Five Fraud Tips Every Business Leader Should Act On
Organizations worldwide lose an estimated 5 percent of their annual revenues to fraud, according to the Association of Certified Fraud Examiner’s (“ACFE”) 2020 Report to the Nations Global Study on Occupational Fraud and Abuse. A single instance of fraud can be devastating: the median loss per fraud case was $125,000, and more than 21% of the cases involved losses over $1 million. There are some basic steps your organization can take immediately to lessen your vulnerability to fraud:
- Be Proactive. Adopt a code of ethics for management and employees. Evaluate your internal controls for effectiveness and identify areas of the business that are vulnerable to fraud.
- Establish Hiring Procedures. When hiring staff, conduct thorough background investigations. Check educational, credit and employment history (as permitted by law), as well as references.
- Train Employees in Fraud Prevention. Do workers know the warning signs of fraud? Ensure that staff members know basic fraud prevention techniques.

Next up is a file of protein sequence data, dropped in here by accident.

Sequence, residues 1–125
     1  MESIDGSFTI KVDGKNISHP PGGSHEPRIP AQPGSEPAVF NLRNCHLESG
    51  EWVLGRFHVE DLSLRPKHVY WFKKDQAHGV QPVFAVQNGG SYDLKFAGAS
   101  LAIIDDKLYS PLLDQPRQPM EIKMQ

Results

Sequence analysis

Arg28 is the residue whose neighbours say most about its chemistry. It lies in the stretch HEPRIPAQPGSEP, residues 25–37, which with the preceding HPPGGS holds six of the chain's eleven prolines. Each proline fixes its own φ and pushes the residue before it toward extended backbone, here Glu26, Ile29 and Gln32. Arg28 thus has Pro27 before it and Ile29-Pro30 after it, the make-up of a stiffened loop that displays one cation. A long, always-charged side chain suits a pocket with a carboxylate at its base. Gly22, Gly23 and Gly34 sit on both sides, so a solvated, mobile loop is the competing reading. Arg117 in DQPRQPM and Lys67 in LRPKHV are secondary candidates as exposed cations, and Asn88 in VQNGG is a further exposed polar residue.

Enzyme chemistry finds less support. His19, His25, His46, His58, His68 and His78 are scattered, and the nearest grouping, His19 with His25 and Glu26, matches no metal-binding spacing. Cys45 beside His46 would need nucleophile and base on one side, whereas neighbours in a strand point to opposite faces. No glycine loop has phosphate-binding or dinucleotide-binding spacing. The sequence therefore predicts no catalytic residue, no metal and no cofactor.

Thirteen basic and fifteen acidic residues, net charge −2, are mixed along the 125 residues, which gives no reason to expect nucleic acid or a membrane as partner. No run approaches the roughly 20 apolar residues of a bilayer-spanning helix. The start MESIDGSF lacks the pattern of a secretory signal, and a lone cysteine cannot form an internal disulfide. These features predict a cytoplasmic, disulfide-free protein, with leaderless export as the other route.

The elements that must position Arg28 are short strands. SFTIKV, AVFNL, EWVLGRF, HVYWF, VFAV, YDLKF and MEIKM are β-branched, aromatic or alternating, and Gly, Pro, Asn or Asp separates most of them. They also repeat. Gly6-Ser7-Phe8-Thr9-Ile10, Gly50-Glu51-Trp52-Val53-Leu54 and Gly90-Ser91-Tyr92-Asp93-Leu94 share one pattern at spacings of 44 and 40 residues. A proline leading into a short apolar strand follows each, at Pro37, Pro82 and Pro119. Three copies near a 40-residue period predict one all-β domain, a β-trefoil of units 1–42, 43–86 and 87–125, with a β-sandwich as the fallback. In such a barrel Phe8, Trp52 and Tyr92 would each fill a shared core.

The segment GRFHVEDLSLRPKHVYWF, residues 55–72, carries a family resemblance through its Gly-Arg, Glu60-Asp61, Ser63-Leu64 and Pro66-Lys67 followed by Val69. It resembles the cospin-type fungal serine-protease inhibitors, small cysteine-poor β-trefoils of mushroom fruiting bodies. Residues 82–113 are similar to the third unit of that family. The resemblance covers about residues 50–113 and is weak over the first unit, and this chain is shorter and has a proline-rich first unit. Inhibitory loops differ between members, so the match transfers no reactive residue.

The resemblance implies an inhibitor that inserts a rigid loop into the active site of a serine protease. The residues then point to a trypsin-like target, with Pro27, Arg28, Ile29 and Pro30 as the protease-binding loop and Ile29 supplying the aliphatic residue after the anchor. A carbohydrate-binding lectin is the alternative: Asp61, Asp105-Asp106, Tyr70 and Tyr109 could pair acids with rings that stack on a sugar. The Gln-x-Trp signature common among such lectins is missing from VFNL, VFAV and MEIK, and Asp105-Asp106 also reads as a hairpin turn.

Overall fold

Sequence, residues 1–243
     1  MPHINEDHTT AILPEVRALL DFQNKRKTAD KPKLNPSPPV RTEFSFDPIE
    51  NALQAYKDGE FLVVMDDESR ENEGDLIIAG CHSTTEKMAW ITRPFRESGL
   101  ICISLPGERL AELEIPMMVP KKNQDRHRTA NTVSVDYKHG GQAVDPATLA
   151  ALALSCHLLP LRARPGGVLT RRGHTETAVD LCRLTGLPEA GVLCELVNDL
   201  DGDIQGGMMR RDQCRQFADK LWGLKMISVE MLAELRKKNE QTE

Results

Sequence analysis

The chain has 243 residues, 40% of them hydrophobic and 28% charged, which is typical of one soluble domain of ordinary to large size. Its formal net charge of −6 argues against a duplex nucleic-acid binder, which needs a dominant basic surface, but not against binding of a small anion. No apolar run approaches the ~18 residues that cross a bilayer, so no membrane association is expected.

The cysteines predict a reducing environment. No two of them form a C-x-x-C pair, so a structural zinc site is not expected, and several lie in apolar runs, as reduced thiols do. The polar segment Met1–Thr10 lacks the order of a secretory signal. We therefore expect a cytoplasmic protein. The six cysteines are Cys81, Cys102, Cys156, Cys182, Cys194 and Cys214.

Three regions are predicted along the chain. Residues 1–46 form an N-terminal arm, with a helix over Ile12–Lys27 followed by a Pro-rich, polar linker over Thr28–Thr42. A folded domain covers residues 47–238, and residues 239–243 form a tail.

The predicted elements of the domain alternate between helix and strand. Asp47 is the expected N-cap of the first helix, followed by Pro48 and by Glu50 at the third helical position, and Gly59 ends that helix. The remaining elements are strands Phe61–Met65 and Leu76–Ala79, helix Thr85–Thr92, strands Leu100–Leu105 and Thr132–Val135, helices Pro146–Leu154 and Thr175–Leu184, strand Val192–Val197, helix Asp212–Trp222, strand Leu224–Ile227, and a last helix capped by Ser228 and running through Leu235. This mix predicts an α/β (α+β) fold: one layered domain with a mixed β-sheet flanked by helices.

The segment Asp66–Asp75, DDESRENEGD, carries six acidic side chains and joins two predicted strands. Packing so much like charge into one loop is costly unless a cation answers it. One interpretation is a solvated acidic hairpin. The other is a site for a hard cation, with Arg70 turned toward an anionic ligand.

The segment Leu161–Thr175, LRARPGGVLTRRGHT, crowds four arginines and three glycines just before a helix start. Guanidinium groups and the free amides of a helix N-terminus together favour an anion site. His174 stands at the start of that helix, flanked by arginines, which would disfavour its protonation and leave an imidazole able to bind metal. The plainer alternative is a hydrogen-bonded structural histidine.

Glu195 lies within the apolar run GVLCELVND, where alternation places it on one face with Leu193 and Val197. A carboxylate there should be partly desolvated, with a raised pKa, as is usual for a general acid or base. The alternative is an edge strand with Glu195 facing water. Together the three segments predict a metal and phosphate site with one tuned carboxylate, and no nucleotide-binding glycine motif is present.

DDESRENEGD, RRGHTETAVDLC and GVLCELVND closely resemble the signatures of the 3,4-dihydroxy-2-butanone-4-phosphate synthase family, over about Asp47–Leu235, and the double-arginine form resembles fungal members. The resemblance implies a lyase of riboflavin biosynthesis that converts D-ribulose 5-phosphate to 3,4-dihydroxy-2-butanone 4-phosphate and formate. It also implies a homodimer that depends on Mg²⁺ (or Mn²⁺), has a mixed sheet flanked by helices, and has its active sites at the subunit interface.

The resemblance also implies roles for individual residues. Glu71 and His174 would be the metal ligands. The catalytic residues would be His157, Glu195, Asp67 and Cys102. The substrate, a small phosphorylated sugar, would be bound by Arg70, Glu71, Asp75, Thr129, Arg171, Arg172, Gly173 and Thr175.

- Implement a Fraud Hotline. Fraud is still most likely to be detected by a tip. Providing an anonymous reporting system for your employees, contractors and clients will help uncover more fraud.
- Increase the Perception of Detection. Communicate regularly to staff about anti-fraud policies, ways to report suspicions of misconduct, and the potential consequences (including termination and prosecution) of fraudulent behavior.
Implementing these tips could help prevent your organization from becoming a statistic. Take action today.
The source of information for this article is the Association of Certified Fraud Examiners (ACFE) 2020 Report to the Nations on Occupational Fraud and Abuse
About the Author:
Michelle Muir is a Senior Manager with BST & Co, CPAs in the Valuation, Forensic Accounting & Litigation practice. She helps clients with their fraud and forensic accounting needs, with a particular focus on corruption, asset misappropriation, embezzlement, financial statement fraud, white-collar crime, and accountants’ liability. She also helps clients proactively manage the risk of fraud and misconduct through fraud risk assessments and review of anti-fraud controls. Michelle has over 20 years of experience investigating fraud. Her background includes forensic accounting and audit work at one of the “Big Four” accounting firms as well as in-house forensic accounting work at NYC and Capital Region law firms. Along with her Certified Public Accountant designation, she is also Certified in Financial Forensics and is a Chartered Accountant.
If you have any questions or need assistance with any fraud-related matters, contact Michelle at BST.